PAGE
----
16. Böll, H. (1963). Ansichten eines Clowns. Cologne: Kiepenheuer & Witsch.Google Scholar
  17. Brew, S. (2016). Movie embargoes: What are they, and why do they matter? Den of Geek, July 15,
  18. Brodnig, I. (2015). Netflix-Produktchef Neil Hunt: ‘Ich weiß das alles über Sie’. profil, December 11,
  19. Buli, L., & Hu, V. (2015). Data science and the music industry: What social media has to do with record sales. hypebot, December 6,
  20. Burke, R. (2002). Hybrid recommender systems: Survey and experiments. User Modeling and User-Adapted Interaction, 12, 331–370.Google Scholar
  21. Chen, Y., Liu, Y., & Zhang, J. (2012). When do third-party product reviews affect firm value and what can firms do? The case of media critics and professional movie reviews. Journal of Marketing, 76, 116–134.Google Scholar
  22. Chevalier, J. A., & Mayzlin, D. (2006). The effect of word of mouth on sales: Online book reviews. Journal of Marketing Research, 43, 345–354.Google Scholar
  23. Chintagunta, P., Gopinath, S., & Venkataraman, S. (2010). The effects of online user reviews on movie box office performance: Accounting for sequential rollout and aggregation across local markets. Marketing Science, 29, 944–957.Google Scholar
  24. Clement, M., Proppe, D., & Rott, A. (2007a). Do critics make bestsellers? Opinion leaders and the success of books. Journal of Media Economics, 20, 77–105.Google Scholar
  25. Clement, M., Christensen, B., Albers, S., & Guldner, S. (2007b). Was bringt ein Oscar im Filmgeschäft? Eine empirische Analyse unter Berücksichtigung des Selektionseffekts. Schmalenbachs Zeitschrift für betriebswirtschaftliche Forschung, 59, 198–220.Google Scholar
  26. Clement, M., Hille, A., Lucke, B., Schmidt-Stölting, C., & Sambeth, F. (2008). Der Einfluss von Rankings auf den Absatz – Eine empirische Analyse der Wirkung von Bestsellerlisten und Rangpositionen auf den Erfolg von Büchern. Schmalenbachs Zeitschrift für betriebswirtschaftliche Forschung, 60, 746–777.Google Scholar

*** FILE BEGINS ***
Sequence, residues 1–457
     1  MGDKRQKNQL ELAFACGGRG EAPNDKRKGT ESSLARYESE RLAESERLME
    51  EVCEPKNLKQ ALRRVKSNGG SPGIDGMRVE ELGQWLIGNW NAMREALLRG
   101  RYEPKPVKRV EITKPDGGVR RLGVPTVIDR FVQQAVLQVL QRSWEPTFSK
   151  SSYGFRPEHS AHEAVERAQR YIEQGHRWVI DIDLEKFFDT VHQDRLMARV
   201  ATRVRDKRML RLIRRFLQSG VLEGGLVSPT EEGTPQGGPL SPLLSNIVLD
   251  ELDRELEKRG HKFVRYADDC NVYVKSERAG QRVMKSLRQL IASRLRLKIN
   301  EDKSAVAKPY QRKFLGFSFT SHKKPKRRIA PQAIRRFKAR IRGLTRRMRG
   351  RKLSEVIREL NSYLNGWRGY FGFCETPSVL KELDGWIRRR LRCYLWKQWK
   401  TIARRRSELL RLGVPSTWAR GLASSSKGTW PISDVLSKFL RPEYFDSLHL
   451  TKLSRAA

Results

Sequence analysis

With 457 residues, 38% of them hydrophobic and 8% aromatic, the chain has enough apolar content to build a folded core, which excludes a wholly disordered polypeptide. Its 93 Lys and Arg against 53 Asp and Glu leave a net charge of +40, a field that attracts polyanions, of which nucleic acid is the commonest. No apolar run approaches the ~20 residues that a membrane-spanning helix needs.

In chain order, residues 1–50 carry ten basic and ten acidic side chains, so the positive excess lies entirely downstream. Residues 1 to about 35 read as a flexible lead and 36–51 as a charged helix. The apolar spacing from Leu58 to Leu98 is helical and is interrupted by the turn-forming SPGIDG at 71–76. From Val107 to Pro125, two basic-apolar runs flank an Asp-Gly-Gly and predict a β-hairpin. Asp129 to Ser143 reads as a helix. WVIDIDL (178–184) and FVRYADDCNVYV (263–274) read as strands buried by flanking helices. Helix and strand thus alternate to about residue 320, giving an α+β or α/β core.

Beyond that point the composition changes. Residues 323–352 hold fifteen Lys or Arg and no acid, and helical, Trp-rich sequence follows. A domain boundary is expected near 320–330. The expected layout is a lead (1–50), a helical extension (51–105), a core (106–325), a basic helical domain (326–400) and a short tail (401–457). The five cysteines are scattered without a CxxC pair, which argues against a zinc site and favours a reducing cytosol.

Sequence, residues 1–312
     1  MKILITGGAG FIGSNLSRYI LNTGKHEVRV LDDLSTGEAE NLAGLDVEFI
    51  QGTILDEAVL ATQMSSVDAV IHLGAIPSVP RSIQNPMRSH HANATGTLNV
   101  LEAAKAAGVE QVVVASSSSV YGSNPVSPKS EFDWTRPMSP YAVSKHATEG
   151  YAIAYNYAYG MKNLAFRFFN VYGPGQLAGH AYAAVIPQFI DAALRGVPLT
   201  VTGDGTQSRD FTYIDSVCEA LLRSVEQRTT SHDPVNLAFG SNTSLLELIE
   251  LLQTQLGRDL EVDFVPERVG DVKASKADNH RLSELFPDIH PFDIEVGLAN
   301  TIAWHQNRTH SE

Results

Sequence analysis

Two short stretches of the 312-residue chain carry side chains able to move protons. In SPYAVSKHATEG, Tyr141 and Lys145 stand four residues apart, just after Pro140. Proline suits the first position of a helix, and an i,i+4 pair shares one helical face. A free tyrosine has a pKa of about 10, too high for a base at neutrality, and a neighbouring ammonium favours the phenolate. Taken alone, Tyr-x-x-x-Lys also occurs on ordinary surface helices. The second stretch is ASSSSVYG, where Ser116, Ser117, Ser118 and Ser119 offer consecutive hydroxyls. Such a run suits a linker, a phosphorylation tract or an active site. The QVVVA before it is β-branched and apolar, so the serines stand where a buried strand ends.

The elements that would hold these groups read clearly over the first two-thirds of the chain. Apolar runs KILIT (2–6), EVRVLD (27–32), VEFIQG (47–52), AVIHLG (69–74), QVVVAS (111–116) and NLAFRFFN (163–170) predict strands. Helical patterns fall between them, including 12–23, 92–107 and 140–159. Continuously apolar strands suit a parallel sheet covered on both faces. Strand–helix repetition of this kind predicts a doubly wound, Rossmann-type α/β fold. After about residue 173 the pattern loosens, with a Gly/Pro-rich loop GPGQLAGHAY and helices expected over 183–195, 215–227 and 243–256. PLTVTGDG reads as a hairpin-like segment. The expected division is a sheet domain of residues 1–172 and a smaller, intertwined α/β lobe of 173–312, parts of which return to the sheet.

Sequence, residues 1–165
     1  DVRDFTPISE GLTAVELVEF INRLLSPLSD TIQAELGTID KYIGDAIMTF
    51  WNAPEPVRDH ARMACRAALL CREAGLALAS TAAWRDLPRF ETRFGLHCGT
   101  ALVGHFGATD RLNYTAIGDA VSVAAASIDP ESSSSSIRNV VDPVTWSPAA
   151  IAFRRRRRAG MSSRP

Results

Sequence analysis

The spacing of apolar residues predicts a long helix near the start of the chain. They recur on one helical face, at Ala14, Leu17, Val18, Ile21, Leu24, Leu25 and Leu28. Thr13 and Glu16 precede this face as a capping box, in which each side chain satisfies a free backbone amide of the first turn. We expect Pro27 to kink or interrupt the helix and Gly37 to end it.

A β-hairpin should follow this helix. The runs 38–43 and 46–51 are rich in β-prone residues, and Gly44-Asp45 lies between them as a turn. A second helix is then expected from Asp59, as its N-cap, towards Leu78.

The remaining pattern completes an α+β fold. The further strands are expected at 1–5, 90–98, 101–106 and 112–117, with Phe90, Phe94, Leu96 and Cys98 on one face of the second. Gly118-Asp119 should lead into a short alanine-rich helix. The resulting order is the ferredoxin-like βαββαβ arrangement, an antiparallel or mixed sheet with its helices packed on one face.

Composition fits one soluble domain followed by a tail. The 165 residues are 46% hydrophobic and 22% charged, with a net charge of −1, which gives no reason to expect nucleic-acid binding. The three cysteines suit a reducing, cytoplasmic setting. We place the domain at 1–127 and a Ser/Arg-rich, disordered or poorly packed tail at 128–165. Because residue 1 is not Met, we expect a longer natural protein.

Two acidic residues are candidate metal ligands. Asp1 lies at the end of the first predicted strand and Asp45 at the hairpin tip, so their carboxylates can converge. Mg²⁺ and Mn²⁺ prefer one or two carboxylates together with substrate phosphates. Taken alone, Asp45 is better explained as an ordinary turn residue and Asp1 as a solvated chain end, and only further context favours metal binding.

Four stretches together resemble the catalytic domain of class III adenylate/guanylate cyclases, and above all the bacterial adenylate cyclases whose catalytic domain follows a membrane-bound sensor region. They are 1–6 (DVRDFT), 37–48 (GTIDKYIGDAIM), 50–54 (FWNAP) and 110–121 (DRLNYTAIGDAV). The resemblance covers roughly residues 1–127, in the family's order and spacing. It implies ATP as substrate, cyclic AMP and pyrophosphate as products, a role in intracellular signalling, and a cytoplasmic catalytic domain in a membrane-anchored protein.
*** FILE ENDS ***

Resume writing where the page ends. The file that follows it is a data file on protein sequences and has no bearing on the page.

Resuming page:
27. Clement, M., Wu, S., & Fischer, M. (2014). Empirical generalization of demand and supply dynamics for movies. International Journal of Research in Marketing, 31, 207–223.Google Scholar
  28. Corliss, R. (2009). Box-office weekend: Brüno a one-day wonder? Time Magazine, July 13,
  29. Cox, J., & Kaimann, D. (2015). How do reviews from professional critics interact with other signals of product quality? Evidence from the video game industry. Journal of Consumer Behavior, 14, 366–377.Google Scholar
  30. Craig, C. S., Greene, W. H., & Versaci, A. (2015a). E-word of mouth: Early predictor of audience engagement—How pre-release ‘E-WOM’ drives box-office outcomes of movies. Journal of Advertising Research, 55, 62–72.Google Scholar
  31. D’Alessandro, A. (2015b). Tom Hardy Soviet drama ‘Child 44’ bombs at box office: What the hell happened? Deadline, May 1,
  32. D’Alessandro, A. (2017). How ‘Pirates’ & ‘Baywatch’ are casualties of summer franchise fatigue at the domestic B.O. Deadline, May 29,
  33. D’Astous, A., & Colbert, F. (2002). Moviegoers’ consultation of critical reviews: Psychological antecedents and consequences. International Journal of Arts Management, 5, 24–35.Google Scholar
  34. D’Astous, A., Carù, A., Koll, O., & Sigué, S. P. (2005). Moviegoers’ consultation of film reviews in the search for information: A multi-country study. International Journal of Arts Management, 7, 32–45.Google Scholar